Invariably when we are angry at someone, especially at those closest to us, it is precisely because we are not being appreciated (that is, thanked) properly. Conversely, I suspect, more than a few people harbor resentments towards us because we, consciously or unconsciously, think that it is their job to take care of us.
Like Adam and Eve we take, as if it is ours by right, what can only be received gratefully as gift. This goes against the very contours of love. It is the original sin.
Remember the Jesuit Martyrs of El Salvador, who were killed 28 years ago today.
Below is an excerpt of a reflection by William Bole on the occasion of the 25th anniversary of the events.
It was one of the most glaring and brazen human-rights crimes of the late 20th century. In the predawn hours of November 16, 1989, an elite battalion of El Salvador’s military forced its way into the Jesuit residence at the University of Central America, or UCA. The university, led by its president, Father Ignacio Ellacuría, SJ, had become a stronghold of opposition to human rights abuses committed by the U.S.-backed military.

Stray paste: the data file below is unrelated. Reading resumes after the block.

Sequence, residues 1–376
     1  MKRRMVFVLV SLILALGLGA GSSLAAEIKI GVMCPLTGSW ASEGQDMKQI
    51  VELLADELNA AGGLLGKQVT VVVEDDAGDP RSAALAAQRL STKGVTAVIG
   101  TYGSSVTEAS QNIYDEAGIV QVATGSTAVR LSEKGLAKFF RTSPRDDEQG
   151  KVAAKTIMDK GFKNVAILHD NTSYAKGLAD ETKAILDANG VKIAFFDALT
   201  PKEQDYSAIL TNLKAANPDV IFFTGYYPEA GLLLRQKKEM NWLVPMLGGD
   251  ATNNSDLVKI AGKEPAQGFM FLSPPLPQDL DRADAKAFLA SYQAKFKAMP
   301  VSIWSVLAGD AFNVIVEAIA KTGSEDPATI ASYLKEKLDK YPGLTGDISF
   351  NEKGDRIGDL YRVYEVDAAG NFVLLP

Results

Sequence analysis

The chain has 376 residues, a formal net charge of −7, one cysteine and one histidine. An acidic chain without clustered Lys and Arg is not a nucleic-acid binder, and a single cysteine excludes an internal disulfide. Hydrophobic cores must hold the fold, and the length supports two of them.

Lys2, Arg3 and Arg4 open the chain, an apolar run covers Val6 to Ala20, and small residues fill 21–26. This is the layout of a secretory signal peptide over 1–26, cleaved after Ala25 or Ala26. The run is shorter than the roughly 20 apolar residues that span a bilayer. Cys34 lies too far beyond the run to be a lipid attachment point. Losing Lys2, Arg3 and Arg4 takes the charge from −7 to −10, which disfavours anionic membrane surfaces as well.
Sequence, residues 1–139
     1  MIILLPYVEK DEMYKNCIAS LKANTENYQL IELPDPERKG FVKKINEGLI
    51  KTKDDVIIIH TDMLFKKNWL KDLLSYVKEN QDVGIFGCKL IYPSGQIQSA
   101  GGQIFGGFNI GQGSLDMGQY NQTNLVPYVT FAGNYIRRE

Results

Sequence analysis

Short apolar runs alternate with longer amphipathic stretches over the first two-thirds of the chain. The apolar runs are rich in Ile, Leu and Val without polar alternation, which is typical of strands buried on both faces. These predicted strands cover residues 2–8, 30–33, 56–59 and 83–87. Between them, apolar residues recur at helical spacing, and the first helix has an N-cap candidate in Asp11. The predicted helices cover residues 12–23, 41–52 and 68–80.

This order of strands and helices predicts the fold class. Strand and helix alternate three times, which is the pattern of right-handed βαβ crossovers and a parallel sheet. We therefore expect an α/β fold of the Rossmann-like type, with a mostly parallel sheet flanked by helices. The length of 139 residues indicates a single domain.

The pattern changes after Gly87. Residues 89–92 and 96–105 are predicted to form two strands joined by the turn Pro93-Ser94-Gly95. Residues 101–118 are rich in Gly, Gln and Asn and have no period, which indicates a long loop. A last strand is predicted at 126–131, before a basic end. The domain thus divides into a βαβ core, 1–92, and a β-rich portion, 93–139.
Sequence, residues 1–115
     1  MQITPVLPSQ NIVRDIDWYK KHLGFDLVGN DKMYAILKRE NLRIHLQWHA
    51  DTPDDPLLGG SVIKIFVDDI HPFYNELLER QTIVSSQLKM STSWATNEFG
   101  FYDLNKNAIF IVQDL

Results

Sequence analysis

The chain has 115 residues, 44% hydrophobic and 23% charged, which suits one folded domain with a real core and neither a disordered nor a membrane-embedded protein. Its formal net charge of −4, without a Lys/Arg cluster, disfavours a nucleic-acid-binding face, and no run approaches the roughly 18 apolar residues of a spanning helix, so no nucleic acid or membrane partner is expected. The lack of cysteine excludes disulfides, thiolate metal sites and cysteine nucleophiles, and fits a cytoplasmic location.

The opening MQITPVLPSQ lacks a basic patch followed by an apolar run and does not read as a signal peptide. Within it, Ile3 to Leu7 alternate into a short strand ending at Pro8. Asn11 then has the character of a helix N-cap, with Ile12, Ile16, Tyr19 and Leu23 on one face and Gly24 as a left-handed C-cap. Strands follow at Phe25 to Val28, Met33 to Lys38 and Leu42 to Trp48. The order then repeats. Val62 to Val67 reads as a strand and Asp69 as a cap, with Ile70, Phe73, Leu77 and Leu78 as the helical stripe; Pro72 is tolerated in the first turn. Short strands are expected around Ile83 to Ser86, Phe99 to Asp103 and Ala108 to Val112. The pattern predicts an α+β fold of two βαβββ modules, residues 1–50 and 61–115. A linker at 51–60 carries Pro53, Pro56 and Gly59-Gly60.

On that night, soldiers dragged five priests out of their beds and into a courtyard, made them lay facedown on the grass, and fired bullets into their heads. They went back inside and killed another Jesuit. Then, searching the residence further, they found a housekeeper and her teenage daughter crouching in the corner of a bedroom, holding each other. The gunmen shot them too.
Twenty-five years later, many are still waiting for justice in the case of the murdered Jesuits and women. None of the top military commanders who issued the orders to kill was ever prosecuted for the crimes.